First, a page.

Electronic Arts and Euroleague Basketball are pleased to announce their licensing partnership that makes the leading global interactive entertainment software company an official partner under the video gaming category. Under this agreement EA SPORTS will include Turkish Airlines Euroleague players in the upcoming release of the mythical arcade game NBA Jam: On Fire Edition. This is the first time that European clubs will be officially represented in the NBA JAM franchise, one of the most successful video games in sports history. All fans will be able to choose any of the four participating teams in the last Turkish Airlines Euroleague Final Four. Dimitris Diamantidis and Mike Batiste of Panathinaikos Athens, Lior Eliyahu and Sofoklis Schortsanitis of Maccabi Electra Tel Aviv, Bo McCalebb and Ksistof Lavrinovic of Montepaschi Siena, Sergio Llull and Carlos Suarez of Real Madrid will be amongst the players representing the four Euroleague teams in the 2–on–2 basketball games. Euroleague.net

August 21, 2011 Updates

If there’s finally a shortened season or no season at all, would you consider playing overseas? Derrick Rose: I’m staying. I don’t play pickup basketball. I’m working out in Los Angeles right now. I haven’t taken into consideration yet playing overseas. Right now, if I do think about it, the Euroleague is definitely an option I would consider. I would have to talk to my agents and make sure that everything is OK, but I’m hoping right now there’s a season. HoopsHype

August 9, 2011 Updates

"When FIBA decided to say that the transfer [of NBA players] will be valid only until the lockout will be over, it was strange," Bertomeu said. "Never in the FIBA history has there been any condition like this. This is very strange." Bertomeu raised the possibility that FIBA negotiated the terms of its ruling with the NBA. FIBA did not announce its ruling until July 29, almost a full month after the NBA players had been locked out by the owners amid their stalled negotiations for a new collective bargaining agreement. "We were asking FIBA for their position since the month of May, pending the official announcement of a definitive lockout," Bertomeu said. "The day after the NBA lockout announcement, FIBA should have stated their position. And it took a month. Obviously, since May until now, [the delay] could have been because they were talking with the NBA." SI.com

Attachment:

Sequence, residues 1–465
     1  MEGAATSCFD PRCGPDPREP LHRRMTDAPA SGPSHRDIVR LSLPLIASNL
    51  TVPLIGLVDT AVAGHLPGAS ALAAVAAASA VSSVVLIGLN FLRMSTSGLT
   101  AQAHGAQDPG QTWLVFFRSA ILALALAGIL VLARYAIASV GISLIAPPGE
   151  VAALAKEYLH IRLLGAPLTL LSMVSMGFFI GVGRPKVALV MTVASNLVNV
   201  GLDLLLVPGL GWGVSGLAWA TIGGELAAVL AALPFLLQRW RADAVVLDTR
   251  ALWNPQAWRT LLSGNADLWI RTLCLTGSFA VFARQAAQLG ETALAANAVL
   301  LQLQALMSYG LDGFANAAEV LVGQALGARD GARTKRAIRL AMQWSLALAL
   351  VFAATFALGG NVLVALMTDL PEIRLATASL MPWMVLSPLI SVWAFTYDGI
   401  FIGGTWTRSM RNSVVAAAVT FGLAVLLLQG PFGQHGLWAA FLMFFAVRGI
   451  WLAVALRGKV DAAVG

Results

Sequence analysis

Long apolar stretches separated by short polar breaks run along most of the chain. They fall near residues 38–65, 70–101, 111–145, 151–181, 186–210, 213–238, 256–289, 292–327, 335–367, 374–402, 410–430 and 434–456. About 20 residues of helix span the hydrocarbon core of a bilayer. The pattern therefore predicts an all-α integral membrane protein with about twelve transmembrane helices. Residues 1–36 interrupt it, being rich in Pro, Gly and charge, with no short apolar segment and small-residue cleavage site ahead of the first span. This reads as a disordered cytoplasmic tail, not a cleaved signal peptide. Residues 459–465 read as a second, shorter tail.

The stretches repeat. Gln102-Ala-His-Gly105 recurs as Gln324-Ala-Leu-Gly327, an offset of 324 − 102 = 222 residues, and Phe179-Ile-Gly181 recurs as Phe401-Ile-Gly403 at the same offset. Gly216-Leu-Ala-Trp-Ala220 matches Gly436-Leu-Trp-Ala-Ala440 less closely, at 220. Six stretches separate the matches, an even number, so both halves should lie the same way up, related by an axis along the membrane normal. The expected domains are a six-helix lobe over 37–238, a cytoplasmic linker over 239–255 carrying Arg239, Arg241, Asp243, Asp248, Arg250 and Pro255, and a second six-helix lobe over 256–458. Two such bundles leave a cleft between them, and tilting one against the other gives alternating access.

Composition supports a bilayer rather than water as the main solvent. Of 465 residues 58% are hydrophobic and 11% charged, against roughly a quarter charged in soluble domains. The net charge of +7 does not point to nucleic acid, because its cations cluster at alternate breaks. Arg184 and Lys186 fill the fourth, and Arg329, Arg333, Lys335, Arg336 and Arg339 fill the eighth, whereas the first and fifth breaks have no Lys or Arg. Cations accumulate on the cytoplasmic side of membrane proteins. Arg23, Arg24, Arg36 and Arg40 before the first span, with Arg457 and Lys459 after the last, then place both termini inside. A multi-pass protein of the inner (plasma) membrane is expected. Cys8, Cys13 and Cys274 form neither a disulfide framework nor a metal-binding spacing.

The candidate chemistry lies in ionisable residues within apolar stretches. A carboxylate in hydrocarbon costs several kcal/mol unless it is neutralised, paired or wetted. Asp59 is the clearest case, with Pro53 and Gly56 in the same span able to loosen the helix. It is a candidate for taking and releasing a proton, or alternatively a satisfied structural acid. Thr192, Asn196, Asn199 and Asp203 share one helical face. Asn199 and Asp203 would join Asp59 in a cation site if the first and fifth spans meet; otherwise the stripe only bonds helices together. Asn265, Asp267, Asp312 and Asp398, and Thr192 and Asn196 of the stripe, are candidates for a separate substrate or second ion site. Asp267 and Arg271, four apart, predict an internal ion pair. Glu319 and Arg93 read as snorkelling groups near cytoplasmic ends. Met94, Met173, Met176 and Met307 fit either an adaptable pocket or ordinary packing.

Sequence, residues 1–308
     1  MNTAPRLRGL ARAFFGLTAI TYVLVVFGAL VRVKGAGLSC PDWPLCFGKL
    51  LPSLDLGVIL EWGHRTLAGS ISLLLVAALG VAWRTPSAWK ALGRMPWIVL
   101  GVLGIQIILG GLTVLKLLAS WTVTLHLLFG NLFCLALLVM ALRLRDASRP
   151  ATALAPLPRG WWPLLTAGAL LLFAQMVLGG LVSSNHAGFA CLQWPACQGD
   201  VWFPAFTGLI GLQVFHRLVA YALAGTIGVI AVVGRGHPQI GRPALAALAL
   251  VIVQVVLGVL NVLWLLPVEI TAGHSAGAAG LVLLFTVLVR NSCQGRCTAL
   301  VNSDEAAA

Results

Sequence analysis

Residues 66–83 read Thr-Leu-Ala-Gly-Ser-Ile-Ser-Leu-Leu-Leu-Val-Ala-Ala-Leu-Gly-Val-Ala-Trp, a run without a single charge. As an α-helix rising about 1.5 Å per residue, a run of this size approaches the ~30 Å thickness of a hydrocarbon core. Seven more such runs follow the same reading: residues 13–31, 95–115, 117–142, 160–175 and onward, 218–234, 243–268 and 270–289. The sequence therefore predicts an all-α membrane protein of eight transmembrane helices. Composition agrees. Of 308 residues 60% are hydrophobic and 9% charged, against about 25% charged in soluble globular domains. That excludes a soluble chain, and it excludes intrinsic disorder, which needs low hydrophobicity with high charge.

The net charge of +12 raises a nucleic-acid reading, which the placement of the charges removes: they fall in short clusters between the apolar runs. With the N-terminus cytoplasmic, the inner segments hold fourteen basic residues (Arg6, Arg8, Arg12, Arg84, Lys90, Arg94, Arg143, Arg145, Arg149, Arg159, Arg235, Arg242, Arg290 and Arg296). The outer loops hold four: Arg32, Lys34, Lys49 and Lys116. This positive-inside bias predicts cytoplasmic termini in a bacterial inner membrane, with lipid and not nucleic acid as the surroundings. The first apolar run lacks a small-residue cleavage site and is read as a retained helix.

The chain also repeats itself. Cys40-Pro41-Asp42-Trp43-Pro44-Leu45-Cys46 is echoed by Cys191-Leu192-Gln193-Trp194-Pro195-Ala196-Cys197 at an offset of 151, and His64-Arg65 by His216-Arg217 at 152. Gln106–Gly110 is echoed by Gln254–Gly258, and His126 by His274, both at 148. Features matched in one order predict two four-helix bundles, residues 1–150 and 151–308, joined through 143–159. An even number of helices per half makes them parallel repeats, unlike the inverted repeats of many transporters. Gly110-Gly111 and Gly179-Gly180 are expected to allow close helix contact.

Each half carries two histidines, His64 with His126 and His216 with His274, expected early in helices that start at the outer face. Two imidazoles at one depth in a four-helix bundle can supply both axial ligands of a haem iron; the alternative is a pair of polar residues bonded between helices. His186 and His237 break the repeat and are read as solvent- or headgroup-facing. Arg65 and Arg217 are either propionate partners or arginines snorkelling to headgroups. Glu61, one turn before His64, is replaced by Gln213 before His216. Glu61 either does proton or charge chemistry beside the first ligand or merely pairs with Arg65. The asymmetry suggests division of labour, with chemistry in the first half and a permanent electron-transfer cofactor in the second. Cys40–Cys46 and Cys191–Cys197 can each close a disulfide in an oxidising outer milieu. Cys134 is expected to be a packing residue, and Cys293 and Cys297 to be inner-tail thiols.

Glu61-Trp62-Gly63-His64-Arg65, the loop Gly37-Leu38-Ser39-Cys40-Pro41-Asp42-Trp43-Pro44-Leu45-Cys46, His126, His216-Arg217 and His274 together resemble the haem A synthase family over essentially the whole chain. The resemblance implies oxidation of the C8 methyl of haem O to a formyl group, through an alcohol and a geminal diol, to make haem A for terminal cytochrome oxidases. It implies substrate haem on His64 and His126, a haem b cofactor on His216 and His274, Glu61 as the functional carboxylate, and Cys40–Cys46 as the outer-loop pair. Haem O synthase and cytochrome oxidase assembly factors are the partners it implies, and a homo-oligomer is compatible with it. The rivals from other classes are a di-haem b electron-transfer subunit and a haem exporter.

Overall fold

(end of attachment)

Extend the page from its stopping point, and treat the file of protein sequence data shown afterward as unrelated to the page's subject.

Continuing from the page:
An NBA official told SI.com that it had no such discussions with FIBA, which is notoriously deliberate in its decision-making. The official pointed out that commissioner David Stern had declared his opinion during the NBA season -- months before FIBA's declaration -- that NBA players would be free to pursue job opportunities around the world if they were locked out. The decision to hold NBA players accountable to existing contracts after the lockout makes sense for FIBA, which clearly wishes to avoid becoming a third party to potential lawsuits between NBA teams and players over the validity of contracts. "This was purely FIBA-generated," the NBA official said. "FIBA doesn't want to be drawn into litigation." SI.com

"In Europe, it is true that sport is a form of entertainment," Bertomeu said. "However, the sporting result is more important than the entertainment value, so at the end of the day a team has to win. ... The team needs to win the championship. That's the competition level the European teams have. "There is the perception that the European clubs are little bit like the NBDL -- a developmental league. But the games that you see in Europe are of high quality. The idea that the NBA championship is titled as the 'world championship' [creates] the idea that the NBA or any American league is the top sporting competition, and anything other than that is compared to the NCAA or NBDL." This is why recent reports suggest that NBA stars are now focusing on the Chinese league as a potential destination during the lockout. SI.com

There is also the question of whether European clubs can afford to pay big salaries to NBA players amid the worldwide recession and the financial crisis in Greece that threatens to spread to other countries in Europe. Bertomeu warned that the biggest clubs in Europe have the wherewithal to recruit any player. "When you talk about teams such as FC Barcelona, Real Madrid, Fenerbahce Ulker [of Istanbul],'' he said, "you're talking about clubs whose budgets double the Lakers' budget." While it's true that FC Barcelona, Madrid and other big clubs draw from enormous budgets, most of that money is created by -- and allocated to -- its soccer club. SI.com

Any rumor missing? E-mail us at   hoopshype@hoopshype.com.